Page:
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Monday, April 14, 2014

Remembering America...Looking Back One Year Later

*May 5 marks the first anniversary of the release of what I believe is my best book so far. In the year that has passed, I have learned a lot. I decided to re-release the book with a spruced up cover and the following post other changes were made to content.

                              Remembering America...Looking Back at the Last Innocent Age

A year has passed since I sat down at a Panera on a gloomy Saturday morning in May, in Franklin, TN. and uploaded this book to the publishing world. A long, grinding, difficult, heartbreaking year. So much has happened in that span. So many tears and so many smiles. Along the way, I learned some things.
     I learned how broken we are as a country, as a people. Our spirits are bent, our pockets are empty and our dreams have been replaced with the relentless, harsh minutiae of merely surviving. Surviving policy that chokes off industry and eventually, kills personal achievement. Surviving the cold grip of isolation we feel more and more each day, even as the internet shrinks the world to fit on a fourteen inch computer screen, or a cell phone display no bigger than a credit card.
     We can find out anything we want to about anyone we wish...but we don’t really take the time to know anyone anymore. That has made us angry, short tempered, volatile and exhausted. We left something very important behind when we turned the page on the innocence of the world I wrote about in this book. And we are very, very much worse off for it.
      We have a government that has gone from being big, lethargic, and difficult, to being an industry all it’s own, with a language all it’s own, answering to no one. We the people have been usurped by Me...the ruler. That’s dangerous. That’s frightening.

                                                                  That’s not America.

     I never wrote this book intending to make a political statement. It wasn't necessary and the stories weren't about politics. But they are about Americanism. They are about Patriotism as a way of life, and respect for our heritage and our history and for each other. They are stories about personal greatness, and drive and ambition and desire and none of those things being frowned upon as something bad. They were celebrated as the very things that made us great. Really, truly, great.
      We have removed God not only from schools, but from the lexicon, the public square, and even the sale papers at Christmas. And why? This nation was founded by Christians, upon Christian principles, with Christian ideals, and the goal of allowing all to live here but recognizing what the Founders saw as the superiority of Christianity. We were never a “Christian Nation,” not in the model of a Theocracy, but we were definitely intended to be a predominantly Christian society. We have killed that, and condemned it’s remnants to the scrap heap. Are we better for it?
     Are we better for political correctness or are we more divided? When we strip one group of their right to believe and practice their heritage, and do it in the name of “tolerance” aren't we then being intolerant of that group? When we label every single word we disagree with as “hate” we find ourselves isolated and surrounded only by those who think exactly like we do. That’s tragic.
     Kids are being bullied at a record clip, and the answer is, sadly, more and more kids being pushed to the brink and responding with a gun or a knife. Why? Because political correctness has stripped bare the natural response to “teach a bully a lesson” behind the school yard, or in the bathroom at school. I did it. You did it. In another time in this country, that was part of moving from boy to man, and in almost every case, the two protagonists wound up becoming lifelong friends. Not anymore. Now we press charges, teach anti-bullying classes and merely supress the anger deeper into the psyche of the parties involved.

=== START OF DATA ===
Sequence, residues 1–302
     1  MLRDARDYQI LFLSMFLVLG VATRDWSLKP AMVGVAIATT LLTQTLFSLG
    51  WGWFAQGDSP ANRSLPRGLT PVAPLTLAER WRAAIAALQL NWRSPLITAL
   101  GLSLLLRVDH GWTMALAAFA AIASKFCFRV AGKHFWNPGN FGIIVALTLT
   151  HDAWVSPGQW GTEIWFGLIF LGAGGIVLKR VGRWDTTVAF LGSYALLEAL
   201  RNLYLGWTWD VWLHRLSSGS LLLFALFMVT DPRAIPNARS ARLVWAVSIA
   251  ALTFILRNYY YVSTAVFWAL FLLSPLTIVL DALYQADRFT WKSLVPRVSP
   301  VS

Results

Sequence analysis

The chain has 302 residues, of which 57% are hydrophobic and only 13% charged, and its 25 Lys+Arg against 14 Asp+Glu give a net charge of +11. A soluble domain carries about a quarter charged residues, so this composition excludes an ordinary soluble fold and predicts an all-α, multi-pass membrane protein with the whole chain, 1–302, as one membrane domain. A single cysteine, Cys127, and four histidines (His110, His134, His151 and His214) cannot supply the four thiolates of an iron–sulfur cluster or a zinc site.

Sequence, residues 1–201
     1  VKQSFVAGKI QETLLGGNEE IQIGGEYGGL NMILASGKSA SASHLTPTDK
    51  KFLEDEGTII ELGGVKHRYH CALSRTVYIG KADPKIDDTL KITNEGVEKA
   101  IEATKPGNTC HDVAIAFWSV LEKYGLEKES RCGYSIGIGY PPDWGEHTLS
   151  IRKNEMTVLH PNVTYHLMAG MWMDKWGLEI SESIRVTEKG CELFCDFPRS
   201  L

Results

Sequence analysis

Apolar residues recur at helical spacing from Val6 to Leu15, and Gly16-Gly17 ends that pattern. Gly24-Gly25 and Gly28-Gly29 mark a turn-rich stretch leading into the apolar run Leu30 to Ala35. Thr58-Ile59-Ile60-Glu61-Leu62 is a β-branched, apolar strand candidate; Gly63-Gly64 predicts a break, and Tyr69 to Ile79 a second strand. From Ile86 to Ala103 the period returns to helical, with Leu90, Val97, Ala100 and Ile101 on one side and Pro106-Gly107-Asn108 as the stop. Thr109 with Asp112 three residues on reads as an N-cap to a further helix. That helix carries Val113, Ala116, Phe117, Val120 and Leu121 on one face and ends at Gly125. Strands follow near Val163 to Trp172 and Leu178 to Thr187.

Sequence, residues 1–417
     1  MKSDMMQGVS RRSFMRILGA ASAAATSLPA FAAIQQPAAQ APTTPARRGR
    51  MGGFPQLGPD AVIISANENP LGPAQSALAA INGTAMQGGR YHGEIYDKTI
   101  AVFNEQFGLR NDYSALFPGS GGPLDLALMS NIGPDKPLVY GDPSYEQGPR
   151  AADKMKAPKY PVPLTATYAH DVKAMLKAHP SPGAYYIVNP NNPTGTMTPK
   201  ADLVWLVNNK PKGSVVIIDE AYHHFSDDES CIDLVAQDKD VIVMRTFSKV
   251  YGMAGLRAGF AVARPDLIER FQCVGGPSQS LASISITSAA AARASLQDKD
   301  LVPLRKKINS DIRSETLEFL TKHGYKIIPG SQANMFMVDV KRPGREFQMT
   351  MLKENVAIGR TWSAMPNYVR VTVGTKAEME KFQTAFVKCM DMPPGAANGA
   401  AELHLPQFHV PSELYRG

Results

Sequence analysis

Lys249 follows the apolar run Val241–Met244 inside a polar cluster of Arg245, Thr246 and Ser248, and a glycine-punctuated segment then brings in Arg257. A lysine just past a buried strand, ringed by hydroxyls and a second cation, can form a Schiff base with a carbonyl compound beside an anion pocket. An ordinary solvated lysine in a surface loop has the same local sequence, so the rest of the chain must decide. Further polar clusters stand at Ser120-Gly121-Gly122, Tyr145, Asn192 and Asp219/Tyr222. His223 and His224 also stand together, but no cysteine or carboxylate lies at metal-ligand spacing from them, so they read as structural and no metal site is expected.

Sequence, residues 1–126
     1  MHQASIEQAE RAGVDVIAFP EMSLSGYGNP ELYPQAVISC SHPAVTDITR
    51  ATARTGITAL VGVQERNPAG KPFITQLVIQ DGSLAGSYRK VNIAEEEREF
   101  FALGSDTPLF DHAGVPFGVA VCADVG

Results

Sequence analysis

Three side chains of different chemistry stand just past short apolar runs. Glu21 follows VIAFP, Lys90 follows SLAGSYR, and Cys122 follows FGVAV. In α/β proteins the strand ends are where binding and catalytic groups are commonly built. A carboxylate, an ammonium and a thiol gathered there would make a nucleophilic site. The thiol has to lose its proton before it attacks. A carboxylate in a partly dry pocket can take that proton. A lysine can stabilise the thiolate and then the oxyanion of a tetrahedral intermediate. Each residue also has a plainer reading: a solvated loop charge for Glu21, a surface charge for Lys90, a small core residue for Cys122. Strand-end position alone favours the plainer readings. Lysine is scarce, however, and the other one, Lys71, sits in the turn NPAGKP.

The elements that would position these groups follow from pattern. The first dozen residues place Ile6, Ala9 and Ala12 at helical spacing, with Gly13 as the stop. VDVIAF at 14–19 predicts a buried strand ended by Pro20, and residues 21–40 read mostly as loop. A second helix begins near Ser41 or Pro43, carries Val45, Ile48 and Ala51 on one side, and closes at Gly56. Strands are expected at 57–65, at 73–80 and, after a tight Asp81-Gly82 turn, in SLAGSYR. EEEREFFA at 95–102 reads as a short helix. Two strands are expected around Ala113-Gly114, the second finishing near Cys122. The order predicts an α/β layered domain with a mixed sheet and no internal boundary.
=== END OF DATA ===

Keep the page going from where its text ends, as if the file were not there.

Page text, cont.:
Somehow, in the years since the Innocent Age ended, we have attached shame to success, derision to diligence, and we've come to view fierce independence and something akin to madness. Entitlement has stripped us of the rock-ribbed determination to succeed -and succeed our way-  that brought this country the greatness she enjoyed. Why? What is so intrinsically evil about a man refusing a handout and standing on his own, facing the winds of difficulty, and digging in to make another go of it?
     Not every discovery in this past year has been bad. I am homeless again. The house I was renting was sold and this economy still won’t bend enough to let me get back on my feet. But I learned how much I can take in the name of loving my daughter and staying in her life. And it’s a lot. I learned that a real man doesn't look for a handout as much as he looks for another deck to build, or a wall to paint, or a room to remodel. So he does those things and keeps pushing forward...most of the time through tears and sweat and the fear of defeat. 
     I also learned one very sweet lesson, about the power of words and memories. About a month after releasing this book, I sent a copy to Mrs. Messick, Sheila's mom, whom I describe in the opening chapter and whose death inspired, in many ways, the memories of Monroe Avenue and the joys we all shared. I had not talked to Mrs. Messick in a couple of years. It was wonderful as we spoke for an hour or so about the stories in the book, and the times our families had shared. There was laughter, joy, and a few tears. Laughter made the still-fresh pain of losing Sheila just a little more tolerable, if only for a moment. And that was enough.
     I want my daughter to have a chance at this world. What will that take? I think it will take a return to God, to Patriotism, to Americanism, and to a place where we once again force the leaders we elect to feel responsible to us, and not to themselves and their self-interests. Can we do it? I don’t know. But if you’ve read this know that it’s worth the effort.